Elwyn Richardson and the early world of creative education in New Zealand by Margaret MacDonald

Fiona Woodgate New Zealand Tertiary College

Book Review:Vol 5, No 2 - Nov 2017

Elwyn Richardson (1925-2012) is recognised within educational circles as a visionary educator who made a significant contribution to education in New Zealand. Richardson’s book published in 1964 ‘In the Early World’ detailing his time working with the children and families of Oruaiti School in the far North of New Zealand received national and international acclaim. 

Through his experiences and experimentation from 1949 – 1962 in the small rural school in the far North, Richardson developed a philosophy and pedagogy of teaching that has influenced and fascinated the education sector for decades. In this account of Richardson’s life and work, MacDonald sensitively articulates the story of how Richardson developed his philosophy of teaching and the social and political context of the time. MacDonald’s telling of this story is informed by both her extensive communication with Richardson and research into the historical context of education in the beginning of the 20th Century.

In this biographical narrative, MacDonald has two main focuses – the educational context of the time and the popular pedagogical theories, and Richardson’s development of his own theory of integration which became the underpinning principle of his teaching practice and experimentation with the children, families and community at Oruaiti School.

In this book MacDonald provides an insight into Richardson’s early life and childhood and the experiences that influenced his teaching practices and philosophy. MacDonald’s sensitive retelling of Richardson’s early years growing up as the second son of farmers on an isolated Waiheke Island quickly paints a picture of how Richardson’s early learning and explorations of his home developed an interest and passion for the world around him. As a reader with an early childhood education background I could immediately make correlations between the experiences that MacDonald detailed and an approach to learning that connects closely to an early childhood curriculum where children have opportunities to explore and develop their own working theories. 

Although this book is predominately about Richardson and his work at Oruaiti, a documentation of the history of educational reform in New Zealand from the late 19thcentury to the mid-20th century and the philosophies that underpinned the changes is also detailed, providing context to the times within which Richardson’s exploration into teaching and learning took place. This account of the push for reform and change lead by progressive educationalists including Clarence Beeby, the Director of Education from 1940, the cyclical nature of education reform in this country and education’s susceptibility to fads is fascinating reading.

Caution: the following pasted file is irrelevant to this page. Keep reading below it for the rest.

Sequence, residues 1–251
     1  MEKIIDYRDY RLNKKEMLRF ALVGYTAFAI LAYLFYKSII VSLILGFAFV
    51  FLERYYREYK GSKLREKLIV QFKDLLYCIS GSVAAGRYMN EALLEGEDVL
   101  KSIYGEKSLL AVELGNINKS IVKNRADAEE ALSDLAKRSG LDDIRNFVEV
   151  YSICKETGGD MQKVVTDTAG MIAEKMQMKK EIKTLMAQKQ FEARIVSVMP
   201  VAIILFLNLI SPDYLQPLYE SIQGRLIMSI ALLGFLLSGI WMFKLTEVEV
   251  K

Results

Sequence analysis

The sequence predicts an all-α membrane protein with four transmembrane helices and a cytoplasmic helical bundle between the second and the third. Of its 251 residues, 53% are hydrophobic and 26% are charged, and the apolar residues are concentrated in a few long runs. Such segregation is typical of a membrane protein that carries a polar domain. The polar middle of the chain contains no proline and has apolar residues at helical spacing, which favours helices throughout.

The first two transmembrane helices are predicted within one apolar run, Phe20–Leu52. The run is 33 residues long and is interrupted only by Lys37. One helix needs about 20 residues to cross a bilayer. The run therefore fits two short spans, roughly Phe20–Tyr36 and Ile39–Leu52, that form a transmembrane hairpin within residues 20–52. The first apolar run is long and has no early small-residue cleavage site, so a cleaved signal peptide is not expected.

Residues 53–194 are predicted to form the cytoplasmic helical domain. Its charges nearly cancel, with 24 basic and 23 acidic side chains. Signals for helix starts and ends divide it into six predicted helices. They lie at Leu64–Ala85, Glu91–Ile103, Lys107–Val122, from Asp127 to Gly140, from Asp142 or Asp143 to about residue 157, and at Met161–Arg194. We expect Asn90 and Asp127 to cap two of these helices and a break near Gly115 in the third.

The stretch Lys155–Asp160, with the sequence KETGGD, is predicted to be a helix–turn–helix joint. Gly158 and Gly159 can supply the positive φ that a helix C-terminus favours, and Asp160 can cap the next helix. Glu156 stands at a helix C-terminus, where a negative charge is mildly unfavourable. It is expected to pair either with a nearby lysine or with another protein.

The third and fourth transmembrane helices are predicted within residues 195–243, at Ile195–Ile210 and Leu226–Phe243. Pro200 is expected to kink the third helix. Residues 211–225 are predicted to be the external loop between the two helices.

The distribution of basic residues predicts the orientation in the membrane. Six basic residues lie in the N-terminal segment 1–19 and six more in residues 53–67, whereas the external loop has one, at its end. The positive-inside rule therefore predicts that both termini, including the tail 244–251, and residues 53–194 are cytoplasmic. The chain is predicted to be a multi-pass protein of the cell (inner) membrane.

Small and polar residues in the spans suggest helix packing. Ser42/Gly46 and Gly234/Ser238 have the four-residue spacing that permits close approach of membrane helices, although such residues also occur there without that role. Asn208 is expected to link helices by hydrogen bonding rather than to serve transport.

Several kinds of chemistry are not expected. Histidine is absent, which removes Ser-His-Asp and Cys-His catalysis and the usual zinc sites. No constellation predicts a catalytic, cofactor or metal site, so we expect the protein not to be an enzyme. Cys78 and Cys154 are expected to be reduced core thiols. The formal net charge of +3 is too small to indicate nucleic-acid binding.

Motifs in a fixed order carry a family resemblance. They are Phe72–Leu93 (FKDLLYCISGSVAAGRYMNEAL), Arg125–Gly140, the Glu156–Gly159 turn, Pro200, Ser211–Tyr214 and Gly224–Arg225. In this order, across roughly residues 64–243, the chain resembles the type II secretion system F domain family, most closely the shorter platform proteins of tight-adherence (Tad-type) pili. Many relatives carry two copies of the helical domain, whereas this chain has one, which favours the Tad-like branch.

Through MacDonald’s retelling of Richardson’s investigation into learning at Oruaiti School a clear picture of the importance that Richardson placed upon ensuring that learning was relevant to children, child-centred and purposeful leaves the reader with encouragement and inspiration for the possibilities of creating unique curricula based upon the socio-cultural context of children, their prior knowledge, families and environment. Richardson’s pedagogical theory of integration, which is explained within the book sits well within a modern socio-cultural curriculum and assessment philosophy. Strong correlations between Richardson’s ideas and the ideal implementation of Te Whāriki (Ministry of Education, 2017), curriculum that is purposeful, holistic and moulded to fit the needs and interests of the child can be made for early childhood teachers and for teachers within the greater education context. Within a context of push down education and national standards the stories told within this book provide the reader with enthusiasm to implement curriculum that feeds children’s natural curiosity and desire to learn and would be a valuable resource for all teachers.

  • MacDonald, M. (2016). Elwyn Richardson and the early world of creative education in New Zealand. Wellington: New Zealand: NZCER Press

How to cite this article

Woodgate, F. (2017). [Review of the book Elwyn Richardson and the early world of creative education in New Zealand by Margaret MacDonald.] He Kupu, 5 (2), 76-77. (accessed )